The amount of sourness in these fruits will vary based on the variety and natural balance of sugar to acid. This may explain why we often use different terms to explain the level of sourness in fruit. For example, we may call a lemon, “sour” but a green apple, “tart.”
Here are some of the most common sources of sour in fruits:
- Citrus – Lemons, Limes, Grapefruit, Oranges
- Berries – Raspberries, Blackberries, Cranberries
- Tropical Fruits – Pineapple, Passion Fruit, Tamarind
- Apples – particularly green apples (Granny Smith)
- Stone Fruits – Peaches, Plums, Cherries
Featured Recipe #1: Lemon Chess Bread Pudding
This delicious citrusy dessert is fun spin on a famous pie. Cubes of Martin’s Butter Bread are mixed with butter, lemon juice, sugar, and a custard base, then baked into a decadent yet refreshing bread pudding. Finish off with some homemade lemon-infused whipped cream for the perfect (sour) finishing touch!
Imagine this recipe without the citrus elements; it would probably be way too sweet without the lemon juice and zest to help balance out the sweet-to-sour ratio and add some brightness to the dish. That’s one of the reasons citrus (particularly lemon) goes so well with desserts and sweet treats!
Milk naturally contains lactose (a form of sugar) which, when introduced to specific bacterial strains, is converted into lactic acid through a bacterial fermentation process. Many popular milk-based products undergo this type of fermentation, which results in a slightly sour flavor—which we often call “tangy.”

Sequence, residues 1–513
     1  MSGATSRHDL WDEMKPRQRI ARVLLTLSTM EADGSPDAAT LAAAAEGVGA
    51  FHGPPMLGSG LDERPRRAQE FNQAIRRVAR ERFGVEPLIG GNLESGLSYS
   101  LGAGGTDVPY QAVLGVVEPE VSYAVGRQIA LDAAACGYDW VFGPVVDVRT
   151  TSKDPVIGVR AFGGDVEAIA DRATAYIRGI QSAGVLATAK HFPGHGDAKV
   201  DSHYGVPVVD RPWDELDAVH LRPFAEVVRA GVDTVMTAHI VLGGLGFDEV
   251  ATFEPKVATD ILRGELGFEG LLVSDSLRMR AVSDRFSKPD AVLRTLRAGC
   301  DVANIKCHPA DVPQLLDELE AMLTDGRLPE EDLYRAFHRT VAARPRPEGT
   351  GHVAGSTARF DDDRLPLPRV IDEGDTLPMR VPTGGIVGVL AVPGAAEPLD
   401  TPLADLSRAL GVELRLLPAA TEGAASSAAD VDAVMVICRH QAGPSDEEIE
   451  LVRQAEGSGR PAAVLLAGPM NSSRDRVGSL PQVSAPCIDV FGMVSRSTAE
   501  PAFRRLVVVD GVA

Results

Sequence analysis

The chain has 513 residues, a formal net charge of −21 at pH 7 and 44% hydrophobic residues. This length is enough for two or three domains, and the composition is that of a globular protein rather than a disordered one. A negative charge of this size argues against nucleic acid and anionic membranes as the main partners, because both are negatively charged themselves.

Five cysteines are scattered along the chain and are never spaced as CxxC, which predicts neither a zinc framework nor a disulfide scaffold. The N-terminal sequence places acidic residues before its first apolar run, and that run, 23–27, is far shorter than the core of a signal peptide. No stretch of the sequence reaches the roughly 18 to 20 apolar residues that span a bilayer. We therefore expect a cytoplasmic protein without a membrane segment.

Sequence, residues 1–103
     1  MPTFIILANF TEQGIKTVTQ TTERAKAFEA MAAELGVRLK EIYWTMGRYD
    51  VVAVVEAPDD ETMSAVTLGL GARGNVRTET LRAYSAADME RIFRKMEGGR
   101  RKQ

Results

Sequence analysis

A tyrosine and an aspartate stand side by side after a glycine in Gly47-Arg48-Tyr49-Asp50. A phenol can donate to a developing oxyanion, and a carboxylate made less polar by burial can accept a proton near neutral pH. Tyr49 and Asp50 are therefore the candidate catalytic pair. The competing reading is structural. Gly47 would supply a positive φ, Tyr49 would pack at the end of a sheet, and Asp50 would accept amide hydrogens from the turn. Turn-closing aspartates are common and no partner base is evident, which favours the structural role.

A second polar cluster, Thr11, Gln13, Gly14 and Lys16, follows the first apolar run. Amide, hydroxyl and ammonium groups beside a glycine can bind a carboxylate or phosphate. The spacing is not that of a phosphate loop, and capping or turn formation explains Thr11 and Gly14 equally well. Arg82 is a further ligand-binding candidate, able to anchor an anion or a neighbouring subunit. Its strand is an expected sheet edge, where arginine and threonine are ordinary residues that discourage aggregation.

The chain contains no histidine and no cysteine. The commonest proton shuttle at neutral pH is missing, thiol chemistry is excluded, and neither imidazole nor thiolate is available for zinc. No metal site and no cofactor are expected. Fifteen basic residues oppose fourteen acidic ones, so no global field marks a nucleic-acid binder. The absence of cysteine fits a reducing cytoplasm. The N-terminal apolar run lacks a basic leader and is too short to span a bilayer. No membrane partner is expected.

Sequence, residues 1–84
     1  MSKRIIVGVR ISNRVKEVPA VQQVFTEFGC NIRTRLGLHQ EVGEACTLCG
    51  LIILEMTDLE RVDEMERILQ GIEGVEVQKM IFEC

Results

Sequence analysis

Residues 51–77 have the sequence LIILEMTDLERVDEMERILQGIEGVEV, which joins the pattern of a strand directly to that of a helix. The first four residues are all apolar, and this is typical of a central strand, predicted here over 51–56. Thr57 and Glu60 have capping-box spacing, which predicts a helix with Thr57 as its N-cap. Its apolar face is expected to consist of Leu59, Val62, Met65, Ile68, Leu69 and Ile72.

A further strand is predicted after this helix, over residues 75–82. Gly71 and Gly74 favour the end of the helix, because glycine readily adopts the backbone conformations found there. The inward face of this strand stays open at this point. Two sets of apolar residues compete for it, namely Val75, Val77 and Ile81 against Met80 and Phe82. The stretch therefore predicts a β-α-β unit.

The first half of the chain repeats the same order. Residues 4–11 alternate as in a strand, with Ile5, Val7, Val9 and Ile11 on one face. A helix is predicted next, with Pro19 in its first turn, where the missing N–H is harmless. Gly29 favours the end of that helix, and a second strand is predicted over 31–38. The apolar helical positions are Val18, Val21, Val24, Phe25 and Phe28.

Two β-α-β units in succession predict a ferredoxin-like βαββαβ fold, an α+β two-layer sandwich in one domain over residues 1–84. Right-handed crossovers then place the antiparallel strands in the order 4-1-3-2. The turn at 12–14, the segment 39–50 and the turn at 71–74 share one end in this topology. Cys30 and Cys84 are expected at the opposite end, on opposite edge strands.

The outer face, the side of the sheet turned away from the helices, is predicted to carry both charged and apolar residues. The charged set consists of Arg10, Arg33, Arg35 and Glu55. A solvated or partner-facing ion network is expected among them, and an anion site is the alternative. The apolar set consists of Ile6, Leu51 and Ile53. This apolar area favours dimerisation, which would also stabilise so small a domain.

Here are some popular tangy milk-based foods:
- Sour Cream – formed by lactic acid/bacteria + cream
- Yogurt – lactic acid/bacteria + milk (without whey = Greek yogurt)
- Kefir – kefir grains (yeast/lactic acid bacteria) + milk
- Goat Cheese – the higher concentration of fatty acids in goat’s milk vs cow’s gives it a signature tangy flavor
- Feta Cheese – traditionally made using sheep’s milk and is often cured or pickled in brine during the aging process which enhances the salty and sour flavors
- Buttermilk – milk product fermented with lactic acid bacteria; (Tip: did you know you can actually make homemade buttermilk by combining milk with vinegar or lemon juice?)
Featured Recipe #2: Tangy Tuna Salad Sandwich